Colorado businesses are usually allowed to register any of their trademarks as long as no other party has already done so. However, the disparagement provision of the Lanham Act states that a request for trademark registration may be refused if the content of the trademark may disparage persons, institutions, beliefs or national symbols.
An ongoing trademark dispute is bringing the disparagement provision of the Lanham Act into question, and the U.S. Supreme Court will soon decide whether the provision is constitutional. On Sept. 29, the Supreme Court voted to hear a case that was brought forward by the founder of a rock band called “The Slants”. The band member is arguing that the U.S. Patent and Trademark Office’s refusal to register a trademark for his band name violated his First Amendment right to free speech.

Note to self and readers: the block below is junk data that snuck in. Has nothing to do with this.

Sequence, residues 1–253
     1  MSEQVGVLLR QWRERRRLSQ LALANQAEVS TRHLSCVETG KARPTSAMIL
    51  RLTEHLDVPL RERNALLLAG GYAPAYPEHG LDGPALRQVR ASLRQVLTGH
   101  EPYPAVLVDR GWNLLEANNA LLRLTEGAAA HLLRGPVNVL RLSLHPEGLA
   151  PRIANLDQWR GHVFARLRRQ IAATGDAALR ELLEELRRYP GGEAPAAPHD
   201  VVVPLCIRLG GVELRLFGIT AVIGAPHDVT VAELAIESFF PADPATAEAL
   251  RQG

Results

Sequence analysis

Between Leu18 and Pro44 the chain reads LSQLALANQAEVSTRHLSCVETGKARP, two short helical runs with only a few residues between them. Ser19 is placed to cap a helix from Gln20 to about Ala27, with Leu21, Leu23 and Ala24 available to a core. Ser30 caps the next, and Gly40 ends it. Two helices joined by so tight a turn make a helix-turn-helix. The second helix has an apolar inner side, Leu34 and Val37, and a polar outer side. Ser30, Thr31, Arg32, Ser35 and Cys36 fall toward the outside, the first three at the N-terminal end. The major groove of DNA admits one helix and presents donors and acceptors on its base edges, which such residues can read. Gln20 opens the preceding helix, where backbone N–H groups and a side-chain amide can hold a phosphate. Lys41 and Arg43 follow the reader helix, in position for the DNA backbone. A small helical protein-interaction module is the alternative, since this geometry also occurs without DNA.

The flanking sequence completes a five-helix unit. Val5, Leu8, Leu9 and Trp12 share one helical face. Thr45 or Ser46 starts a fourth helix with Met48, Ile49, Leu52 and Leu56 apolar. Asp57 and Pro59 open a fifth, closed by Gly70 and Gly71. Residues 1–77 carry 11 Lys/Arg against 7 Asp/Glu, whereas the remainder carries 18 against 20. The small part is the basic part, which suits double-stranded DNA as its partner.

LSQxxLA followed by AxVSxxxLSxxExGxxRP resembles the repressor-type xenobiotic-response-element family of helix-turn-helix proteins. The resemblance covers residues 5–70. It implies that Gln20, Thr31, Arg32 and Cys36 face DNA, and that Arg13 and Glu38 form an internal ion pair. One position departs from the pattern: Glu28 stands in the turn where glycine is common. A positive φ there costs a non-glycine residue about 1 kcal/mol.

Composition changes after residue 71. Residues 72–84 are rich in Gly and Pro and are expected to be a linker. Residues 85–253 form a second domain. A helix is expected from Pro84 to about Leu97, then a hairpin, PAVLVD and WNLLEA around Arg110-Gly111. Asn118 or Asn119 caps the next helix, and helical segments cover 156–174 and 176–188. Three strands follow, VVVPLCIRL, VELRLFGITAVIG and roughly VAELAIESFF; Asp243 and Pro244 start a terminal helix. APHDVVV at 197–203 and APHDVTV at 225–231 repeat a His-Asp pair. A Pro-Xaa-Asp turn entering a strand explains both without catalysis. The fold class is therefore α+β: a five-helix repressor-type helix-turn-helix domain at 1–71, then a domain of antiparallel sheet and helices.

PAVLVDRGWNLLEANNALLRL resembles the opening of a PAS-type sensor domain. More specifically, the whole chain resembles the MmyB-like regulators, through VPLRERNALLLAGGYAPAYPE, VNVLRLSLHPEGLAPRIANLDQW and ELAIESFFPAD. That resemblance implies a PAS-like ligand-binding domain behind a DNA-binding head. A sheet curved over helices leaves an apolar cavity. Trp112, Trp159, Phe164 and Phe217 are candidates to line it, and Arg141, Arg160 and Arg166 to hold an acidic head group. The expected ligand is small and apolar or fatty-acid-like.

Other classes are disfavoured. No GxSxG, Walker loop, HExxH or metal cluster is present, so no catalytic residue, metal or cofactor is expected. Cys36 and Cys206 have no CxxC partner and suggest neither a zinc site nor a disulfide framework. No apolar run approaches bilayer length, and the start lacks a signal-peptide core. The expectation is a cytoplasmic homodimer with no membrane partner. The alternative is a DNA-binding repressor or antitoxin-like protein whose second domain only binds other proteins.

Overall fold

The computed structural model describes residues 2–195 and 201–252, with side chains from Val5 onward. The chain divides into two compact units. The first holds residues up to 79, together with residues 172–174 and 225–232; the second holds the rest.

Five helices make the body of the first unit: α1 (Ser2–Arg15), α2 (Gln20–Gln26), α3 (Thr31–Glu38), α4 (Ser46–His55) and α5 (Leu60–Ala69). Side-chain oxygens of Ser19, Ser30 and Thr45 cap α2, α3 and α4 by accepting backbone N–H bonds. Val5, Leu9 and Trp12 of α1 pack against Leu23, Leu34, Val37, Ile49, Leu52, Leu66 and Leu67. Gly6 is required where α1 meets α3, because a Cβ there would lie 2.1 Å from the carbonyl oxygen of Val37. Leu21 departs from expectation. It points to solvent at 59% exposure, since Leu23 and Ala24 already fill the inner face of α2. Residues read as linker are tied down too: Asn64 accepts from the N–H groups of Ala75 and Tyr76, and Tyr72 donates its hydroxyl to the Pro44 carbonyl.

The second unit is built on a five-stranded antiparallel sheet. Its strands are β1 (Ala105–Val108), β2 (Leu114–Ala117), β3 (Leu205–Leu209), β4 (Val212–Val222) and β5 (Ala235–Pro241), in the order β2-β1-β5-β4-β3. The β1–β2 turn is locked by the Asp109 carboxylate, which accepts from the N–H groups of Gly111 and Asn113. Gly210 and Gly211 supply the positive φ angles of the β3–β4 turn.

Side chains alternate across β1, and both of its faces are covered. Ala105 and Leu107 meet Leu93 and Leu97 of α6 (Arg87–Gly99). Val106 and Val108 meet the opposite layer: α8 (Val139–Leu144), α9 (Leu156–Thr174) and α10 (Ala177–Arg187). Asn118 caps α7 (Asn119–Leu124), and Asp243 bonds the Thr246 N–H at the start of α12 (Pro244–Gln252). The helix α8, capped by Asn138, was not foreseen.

The founder named his rock band after a derogatory term for Asian Americans because he wanted to reappropriate the term. When the band was refused a trademark, the band founder challenged the refusal in court. In December 2015, the U.S. Court of Appeals for the Federal Circuit ruled in a 9-3 en banc panel decision that the disparagement provision of the Lanham Act is facially invalid and a violation of the First Amendment.
A business may have a better chance of receiving approval for its trademarks if it works with an attorney before filing an application. An intellectual property attorney can often conduct a search in order to ensure that the names and logos are original enough to be trademarked.
Source: The National Law Review, “Supreme Court to Review Registrability of Disparaging Trademarks,” Paul Devinsky, Oct. 27, 2016